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President Joe Biden on Thursday defended his mandate to vaccinate most of the country’s private company workers against covid-19.
A month after announcing that his administration will develop a policy to mandate vaccinations for employees of all companies with 100 or more workers, Biden traveled to the Chicago suburbs to promote the idea.
“I know the vaccination requirements are tough medicine. Unpopular with some. Politics for others. But they’re lifesaving. They’re game-changing for our country,” Biden said from Elk Grove Village, where he visited a construction company that has required vaccinations for its employees.
Biden’s mandate will affect some 80 million workers, more than two-thirds of the nation’s workforce; but it has not yet gone into effect: the Labor Department is still developing an emergency regulation to enforce it, and it is unclear when it will be introduced.
That future measure has generated strong resistance from Republican opposition in the country, where attorneys general in at least 24 states have threatened possible legal action to try to stop it for violating Americans’ individual liberties.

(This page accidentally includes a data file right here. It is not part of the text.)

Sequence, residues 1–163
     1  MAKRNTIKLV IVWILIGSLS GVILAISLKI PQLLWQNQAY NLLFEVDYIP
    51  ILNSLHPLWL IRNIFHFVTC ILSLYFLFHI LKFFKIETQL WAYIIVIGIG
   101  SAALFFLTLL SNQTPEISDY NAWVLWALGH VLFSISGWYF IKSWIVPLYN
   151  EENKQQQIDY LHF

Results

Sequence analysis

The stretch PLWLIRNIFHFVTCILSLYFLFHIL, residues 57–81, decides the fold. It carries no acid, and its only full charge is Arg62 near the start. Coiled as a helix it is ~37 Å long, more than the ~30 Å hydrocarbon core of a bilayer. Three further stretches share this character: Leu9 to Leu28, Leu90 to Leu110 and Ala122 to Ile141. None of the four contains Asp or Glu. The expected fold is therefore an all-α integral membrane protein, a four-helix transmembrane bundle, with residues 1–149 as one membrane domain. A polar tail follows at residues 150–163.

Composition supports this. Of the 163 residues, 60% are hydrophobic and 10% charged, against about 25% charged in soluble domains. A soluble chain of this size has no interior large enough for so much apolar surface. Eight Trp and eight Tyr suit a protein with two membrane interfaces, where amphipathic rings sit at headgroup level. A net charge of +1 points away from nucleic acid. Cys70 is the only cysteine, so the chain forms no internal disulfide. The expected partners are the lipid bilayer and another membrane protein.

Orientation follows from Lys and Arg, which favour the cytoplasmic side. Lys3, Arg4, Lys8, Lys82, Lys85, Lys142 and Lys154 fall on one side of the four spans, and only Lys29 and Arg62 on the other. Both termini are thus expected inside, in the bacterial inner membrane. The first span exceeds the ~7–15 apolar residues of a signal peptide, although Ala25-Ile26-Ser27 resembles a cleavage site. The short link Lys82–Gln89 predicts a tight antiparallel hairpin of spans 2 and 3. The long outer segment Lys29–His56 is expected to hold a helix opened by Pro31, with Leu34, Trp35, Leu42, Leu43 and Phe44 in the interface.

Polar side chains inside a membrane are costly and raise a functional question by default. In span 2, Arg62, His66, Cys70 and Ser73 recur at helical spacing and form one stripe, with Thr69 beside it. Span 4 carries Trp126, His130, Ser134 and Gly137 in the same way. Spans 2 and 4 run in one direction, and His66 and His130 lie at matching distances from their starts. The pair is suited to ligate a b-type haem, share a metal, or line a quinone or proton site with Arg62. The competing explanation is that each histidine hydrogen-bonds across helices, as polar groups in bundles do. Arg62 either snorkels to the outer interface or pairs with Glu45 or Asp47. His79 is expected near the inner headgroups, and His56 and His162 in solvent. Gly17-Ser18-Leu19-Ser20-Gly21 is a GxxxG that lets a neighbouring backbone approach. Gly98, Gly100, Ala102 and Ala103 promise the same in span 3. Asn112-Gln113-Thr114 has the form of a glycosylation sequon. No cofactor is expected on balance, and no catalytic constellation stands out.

The state of Arizona has already sued the Biden Administration over the issue, and other territories, such as Missouri, are exploring the possibility of passing state laws that could prevent the enforcement of the mandatory regulation in their jurisdiction.
In the private sector, many companies fear that the mandate could lead some employees to leave their jobs, at a time of difficulty in finding and retaining staff.
Companies that fail to comply with the mandate will face “significant” fines of up to $13,600 per violation, according to the White House.
Biden said Thursday that he doesn’t understand the opposition to the vaccination requirements.
“I call on more companies to act (to impose vaccination mandates on their own),” stressed Biden, who boasted of having met with United Airlines CEO Scott Kirby, who imposed the mandatory vaccination measure and after laying off hundreds of employees. The company went from having 59 % of the workforce vaccinated, to 99 %, something considered by the Biden Administration as an achievement, despite the fact that hundreds of families lost their jobs and income.